Comet ISON Appears Still Intact
On November 21 Comet C/2012 S1, ISON entered the field of view of the HI-1 camera on NASA’s Solar Terrestrial Relations Observatory (STEREO) appearing to still be intact. NASA’s twin STEREO probes, which are designed to observe the sun, can see sun-diving comets even when the glare becomes intense. The above image shows Comet ISON joining Earth, Mercury, and Comet Encke in the field of view of STEREO-A’s Heliospheric Imager. (Comet Encke is a periodic comet which completes its orbit of the Sun once every three years, the shortest period of any known comet.)
Comet ISON’s grand entrance!
‘The dark ‘clouds’ of stuff you see coming from the right are density enhancements in the solar wind, and these are what are causing all the ripples you see in comet Encke’s tail,‘ explains Karl Battams of NASA’s Comet ISON Observing Campaign (CIOC).‘I can pretty much promise you that we’re going to see ISON’s tail doing that in a couple of day’s time, but on a much larger scale!’
Battams also points out that Comet Encke and Comet ISON are converging for a photogenic close encounter. ‘No they’re not going to hit each other, in reality they are millions of miles apart, but as seen from the STEREO-A spacecraft, they are going to get very close! We are probably a couple of days away from seeing two comets almost side-by-side in that camera, with long tails flowing behind them in the solar wind. To say that such an image will be unprecedented is rather an understatement.’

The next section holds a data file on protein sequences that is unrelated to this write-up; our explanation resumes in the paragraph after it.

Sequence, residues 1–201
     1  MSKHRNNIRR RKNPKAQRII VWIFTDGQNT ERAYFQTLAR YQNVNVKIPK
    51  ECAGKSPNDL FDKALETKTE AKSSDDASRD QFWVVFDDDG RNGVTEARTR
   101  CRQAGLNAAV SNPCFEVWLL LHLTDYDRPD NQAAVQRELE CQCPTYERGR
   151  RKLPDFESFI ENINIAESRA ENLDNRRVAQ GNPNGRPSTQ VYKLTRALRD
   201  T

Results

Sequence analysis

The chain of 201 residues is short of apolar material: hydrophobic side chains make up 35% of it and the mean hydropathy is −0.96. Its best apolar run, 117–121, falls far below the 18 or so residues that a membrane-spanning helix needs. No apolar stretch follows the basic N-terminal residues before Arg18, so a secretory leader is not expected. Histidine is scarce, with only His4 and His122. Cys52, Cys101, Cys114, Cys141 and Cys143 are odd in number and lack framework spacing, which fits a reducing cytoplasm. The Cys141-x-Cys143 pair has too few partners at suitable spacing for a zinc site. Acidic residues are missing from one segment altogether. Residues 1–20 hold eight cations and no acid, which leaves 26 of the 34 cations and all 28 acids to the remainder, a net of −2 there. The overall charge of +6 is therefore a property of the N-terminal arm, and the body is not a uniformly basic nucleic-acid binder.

WOW!! To recap – Comet ISON is still plunging toward the Sun and brightening as it heads for its perilous close encounter on November 28th. Because the comet is moving into the glow of dawn, it will soon be impossible for cameras here on Earth to track it. Fortunately, however, NASA’s fleet of solar spacecraft are able to follow the comet into the glare. In the next few days STEREO-B, the Solar & Heliospheric Observatory (SOHO), and the Solar Dynamics Observatory (SDO) will join the hunt, providing continuous views all the way to ISON’s perihelion, or closest approach to the sun, on Thanksgiving Day. If ISON survives this encounter it should put on a nice show during the first week of December!
Above Image Credits: NASA’s Goddard Space Flight Center/STEREO/Karl Battams/CIOC
Comet ISON shows off its tail in the above three-minute exposure taken on November 19, 2013 at 6:10 am EST, using a 14-inch telescope located at the Marshall Space Flight Center. The star images are trailed because the telescope is tracking on the comet, which is now exhibiting obvious motion with respect to the background stars over a period of minutes. At the time of this image, Comet ISON was some 44 million miles from the sun, 80 million miles from Earth, moving at a speed of 136,700 miles per hour.